3. Use Technology: Google Classroom has been the most favorite thing I have incorporated into my classroom this year. For some reason when I ask my students to type their Discovery Drafts or write a reading response as an assignment on Google Classroom they think it's a treat. Some of the most reluctant writers in your classroom are reluctant writers because they have a really hard time with the physical act of letter formation and getting ideas down with a paper and pencil. For some, definitely not all, of these students, sometimes freeing up that physical act of writing and allowing them to type removes the barrier and allow him/her to get ideas down. The other thing I LOVE about Google Classroom is for each assignment I can go in being in "suggestion mode" and suggest changes to students or leave prompting questions to get them to think about ways to revise their writing. Students can also "share" their writing with one another and give feedback in suggestion mode as well. Sometimes when we peer edit, students share their Discovery Drafts with multiple other students, their parents, older siblings, etc. and get a ton of great feedback that they can either accept or deny. Also, on a selfish note, I love Google Classroom because students turn in their assignments or they don't, and there is a folder already created for each new assignment. It is pretty clear cut, and there are no excuses from students on if they turned it in, lost it, etc.
4. Create an Editing Checklist: During the Word Study block on class each day, my students have learned about prefixes, suffixes, spelling patterns, parts of speech, commas and other punctuation, capitalization, etc. Something that worked really well for my class this year is that we created an "Editing Checklist." Once it became apparent that students had taken on a specific concept, I would add it to our class Editing Checklist on the anchor chart. These were the items that students knew they would be help accountable for in their writing. I also prompt my students before they turn in ANY piece of writing, even if it's just an in-class reading response turned in the very same day it's assigned, to use the Editing Checklist prior to turn-in. What I believe the Editing Checklist has done for my students is give them self-monitoring skills, personal accountability, and ownership of what they have learned. It also transfers what students are learning in Word Study and holds them accountable for these concepts in their writing. The Editing Checklist is something that has to be created as a class side-by-side with the learning and referenced constantly as students are writing so that they own it.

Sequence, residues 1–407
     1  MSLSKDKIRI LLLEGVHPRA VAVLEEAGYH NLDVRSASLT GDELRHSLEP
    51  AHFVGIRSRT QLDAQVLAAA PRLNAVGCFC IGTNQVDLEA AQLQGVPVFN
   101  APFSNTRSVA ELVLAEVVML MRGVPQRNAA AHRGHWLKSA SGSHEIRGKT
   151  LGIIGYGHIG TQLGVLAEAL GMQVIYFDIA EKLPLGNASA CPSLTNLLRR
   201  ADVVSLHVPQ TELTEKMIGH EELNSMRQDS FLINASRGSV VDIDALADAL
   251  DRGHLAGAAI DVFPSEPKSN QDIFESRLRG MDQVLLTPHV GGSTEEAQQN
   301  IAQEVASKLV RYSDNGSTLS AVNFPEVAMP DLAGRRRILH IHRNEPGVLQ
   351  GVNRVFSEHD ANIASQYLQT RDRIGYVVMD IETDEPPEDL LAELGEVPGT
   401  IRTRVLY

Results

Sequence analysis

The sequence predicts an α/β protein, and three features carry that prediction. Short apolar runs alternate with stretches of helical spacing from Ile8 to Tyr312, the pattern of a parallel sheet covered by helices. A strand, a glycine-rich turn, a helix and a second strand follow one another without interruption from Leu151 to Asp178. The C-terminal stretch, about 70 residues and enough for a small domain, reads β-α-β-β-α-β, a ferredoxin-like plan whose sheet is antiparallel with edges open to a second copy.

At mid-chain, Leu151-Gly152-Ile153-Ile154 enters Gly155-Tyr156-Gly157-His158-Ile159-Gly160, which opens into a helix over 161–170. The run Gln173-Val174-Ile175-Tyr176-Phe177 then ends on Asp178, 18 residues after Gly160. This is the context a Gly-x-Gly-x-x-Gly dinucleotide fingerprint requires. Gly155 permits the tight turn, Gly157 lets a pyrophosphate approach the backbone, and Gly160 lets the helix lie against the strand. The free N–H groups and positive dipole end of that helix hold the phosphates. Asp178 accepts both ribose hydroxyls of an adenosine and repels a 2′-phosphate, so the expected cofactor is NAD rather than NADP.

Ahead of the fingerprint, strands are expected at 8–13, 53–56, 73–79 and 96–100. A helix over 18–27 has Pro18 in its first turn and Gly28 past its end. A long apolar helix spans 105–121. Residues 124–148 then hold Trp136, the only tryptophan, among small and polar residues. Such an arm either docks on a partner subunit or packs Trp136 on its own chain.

5. Write, A Lot: Take an honest look at your classroom and ask yourself when students have opportunities to write. Is it once a week? Are all writing assignments assigned to be completed outside of class time? Do you rush students through the writing process and expect them to turn in finished drafts without minilessons on revising and editing? Are you looking at student writing and planning your instruction BASED OFF OF THE STUDENTS IN YOUR CLASSROOM? (Not the students in your classroom last year, not based on how you've always taught a specific genre of writing, but based on the students who sit before you right now and their strengths and weaknesses as readers and writers. I ask these questions because prior to this school year, I don't think I would have liked my own answers to these questions. The best part of being a reflective practitioner is that you have already accepted that you are NEVER at your destination to being the best possible teacher. You will be on a CONSTANT learning journey. That doesn't mean you shouldn't stop to celebrate your successes and things that have worked along the way. If I want to go out and run a marathon, but I never go out and do training runs prior to the day of the marathon, the odds are not in my favor that I will be successful on marathon day. The same is true for student writers. Without authentic opportunities to write and engage in the writing process, reflect on the writing process, and collaborate with their teacher and classmates throughout the writing process, they will most likely not become the writers we want them to be by the last day of the school year. How much time do students actually get to WRITE during an average week in your classroom? In order for students to become better writers, they need opportunities to write across multiple genres while receiving explicit instruction based on what their teacher notices about them as a writer. Students get better at writing by writing. Crazy, crazy concept!